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    Advice Wanted: Two Roads Diverged... Or Was It Three?


    I'll try to keep this brief, however summing up one's station in life is normally not such a task that lends itself to brevity. If you want to skip all the background and go to the reason for this thread, start at the paragraph that begins with an asterisk.

    I'm almost thirty, doing the whole wife and kidís routine, and I find myself truly perplexed on what course to take in my life. I've always loved tech, I can remember my first real fascination with something was when I was in my early teenage years and my Dad bought a computer. It was Hewlett Packard, with only dial-up, AOL at that, and I wanted to know how it worked. My very first book I ever purchased with my own money was "DOS For Dummies". I was enthralled; I went through all the commands learning what each one did. I can't count how many times I had to format that computer and start over, and the frustration it caused my Dad as each time I broke it he thought for sure, that was the end. Yet every time, no matter how bad it got, you could format it and start over. I always liked that, most people dread a system format, but for me it was so liberating, I was never afraid to break anything because I knew I could just wipe it all and start over. Things like installing drivers and resetting system configurations totally engaged me, and still do. Either way with this DOS book, I was hooked, I loved being able to manipulate the computer from the command line, show off the "cool" things I could do. I should have known right then that this is what I wanted to do with my life.

    However as I got older, I didn't stay in computer land; I ventured out and found girls! Sex, drugs, and... well techno actually. I spent a lot of time partying, and only went to college as a last resort like a lot of kidís do, to get their parents off their back. When I graduated, computers still being a hobby, I was obsessed with being a millionaire. I saw quickly money could get you things that made you happy, and I remember distinctly looking at the tech industry and thinking "there's no money in that". I floated around aimlessly, even managing to start my own company, which was short lived and closed after a year. I'd worked a lot of jobs, but nothing that made me really happy. I had found becoming a millionaire quickly was no easy task, and with the wife and the baby was not something I could afford to gamble on anymore. I needed to find work that fulfilled me, that I enjoyed.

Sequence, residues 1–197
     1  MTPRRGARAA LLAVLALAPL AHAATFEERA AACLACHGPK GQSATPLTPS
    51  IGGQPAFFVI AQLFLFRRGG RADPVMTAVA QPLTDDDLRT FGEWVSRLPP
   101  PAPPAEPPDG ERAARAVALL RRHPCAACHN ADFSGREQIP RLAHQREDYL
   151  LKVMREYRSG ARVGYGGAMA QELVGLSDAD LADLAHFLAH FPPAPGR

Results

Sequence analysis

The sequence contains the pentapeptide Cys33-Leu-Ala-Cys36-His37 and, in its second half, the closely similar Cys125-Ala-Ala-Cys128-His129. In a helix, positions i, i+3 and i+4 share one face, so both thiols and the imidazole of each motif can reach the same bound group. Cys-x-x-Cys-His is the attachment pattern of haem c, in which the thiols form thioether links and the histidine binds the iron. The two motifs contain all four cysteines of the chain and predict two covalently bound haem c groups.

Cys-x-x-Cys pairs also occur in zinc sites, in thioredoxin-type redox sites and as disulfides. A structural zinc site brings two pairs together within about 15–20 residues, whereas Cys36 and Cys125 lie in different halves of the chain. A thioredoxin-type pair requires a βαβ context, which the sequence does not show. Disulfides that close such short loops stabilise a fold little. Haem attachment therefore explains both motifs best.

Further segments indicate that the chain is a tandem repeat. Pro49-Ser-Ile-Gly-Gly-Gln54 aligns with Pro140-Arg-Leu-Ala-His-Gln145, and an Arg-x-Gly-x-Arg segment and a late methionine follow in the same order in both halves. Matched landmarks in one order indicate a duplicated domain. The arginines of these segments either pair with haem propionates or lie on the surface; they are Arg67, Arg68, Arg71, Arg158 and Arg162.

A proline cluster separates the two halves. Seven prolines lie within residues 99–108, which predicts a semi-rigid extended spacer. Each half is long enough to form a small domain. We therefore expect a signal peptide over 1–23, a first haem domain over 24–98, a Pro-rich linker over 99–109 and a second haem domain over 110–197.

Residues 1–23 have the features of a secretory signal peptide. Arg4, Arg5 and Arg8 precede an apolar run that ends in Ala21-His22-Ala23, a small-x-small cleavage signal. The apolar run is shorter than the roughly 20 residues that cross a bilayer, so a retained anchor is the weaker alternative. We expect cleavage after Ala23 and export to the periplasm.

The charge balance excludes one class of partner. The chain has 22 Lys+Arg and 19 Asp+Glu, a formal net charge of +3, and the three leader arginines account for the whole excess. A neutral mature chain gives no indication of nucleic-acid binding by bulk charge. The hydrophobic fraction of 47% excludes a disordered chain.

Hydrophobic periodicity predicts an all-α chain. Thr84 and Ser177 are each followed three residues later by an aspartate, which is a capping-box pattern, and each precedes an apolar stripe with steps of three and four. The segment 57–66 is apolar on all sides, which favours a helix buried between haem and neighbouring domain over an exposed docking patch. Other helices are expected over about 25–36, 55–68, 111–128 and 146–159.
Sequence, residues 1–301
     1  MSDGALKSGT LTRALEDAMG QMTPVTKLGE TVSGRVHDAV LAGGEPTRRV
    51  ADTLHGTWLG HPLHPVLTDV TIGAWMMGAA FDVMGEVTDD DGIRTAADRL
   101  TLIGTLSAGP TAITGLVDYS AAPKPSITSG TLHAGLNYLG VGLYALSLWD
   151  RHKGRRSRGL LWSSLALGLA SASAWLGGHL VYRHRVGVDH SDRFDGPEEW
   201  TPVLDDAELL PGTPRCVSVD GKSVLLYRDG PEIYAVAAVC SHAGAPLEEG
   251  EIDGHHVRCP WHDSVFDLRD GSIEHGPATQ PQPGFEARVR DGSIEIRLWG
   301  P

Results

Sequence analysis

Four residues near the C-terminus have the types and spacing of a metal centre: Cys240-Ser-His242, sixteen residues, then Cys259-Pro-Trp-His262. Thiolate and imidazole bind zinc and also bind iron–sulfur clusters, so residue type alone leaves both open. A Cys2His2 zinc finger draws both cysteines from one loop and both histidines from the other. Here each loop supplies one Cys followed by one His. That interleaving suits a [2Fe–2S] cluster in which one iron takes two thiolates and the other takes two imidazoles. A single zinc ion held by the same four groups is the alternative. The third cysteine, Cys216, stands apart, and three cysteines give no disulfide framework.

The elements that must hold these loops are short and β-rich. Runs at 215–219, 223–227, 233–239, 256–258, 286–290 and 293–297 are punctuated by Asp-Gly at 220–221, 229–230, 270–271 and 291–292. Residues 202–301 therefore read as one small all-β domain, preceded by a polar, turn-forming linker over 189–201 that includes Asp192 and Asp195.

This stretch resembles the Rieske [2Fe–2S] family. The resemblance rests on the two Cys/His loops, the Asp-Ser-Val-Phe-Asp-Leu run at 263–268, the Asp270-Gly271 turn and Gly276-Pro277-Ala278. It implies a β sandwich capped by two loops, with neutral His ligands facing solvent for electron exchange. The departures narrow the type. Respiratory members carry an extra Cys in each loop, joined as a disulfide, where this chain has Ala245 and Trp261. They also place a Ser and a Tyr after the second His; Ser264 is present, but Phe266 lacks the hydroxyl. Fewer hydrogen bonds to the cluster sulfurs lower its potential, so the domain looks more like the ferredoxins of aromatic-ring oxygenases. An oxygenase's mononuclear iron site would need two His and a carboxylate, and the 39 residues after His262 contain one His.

So two years ago I decided to go back into something tech oriented. I had a small background with HTML and tried to masquerade as a web designer. I got a job through a friend of the family, only to find I was severely out of my depth. With no formal training and close to 10 years passed, web development had changed a lot! It wasn't just HTML; it was CSS, and PHP, a lot of other acronyms and two or three big software programs you needed to understand. Not feeling too thwarted because I knew my heart wasn't in web design, I answered an ad for a "Junior Developer", "no experience needed, will train". I thought this is it! Programming was like my DOS books I started with so long ago. I could actually learn to TALK to computers and make them do what I wanted.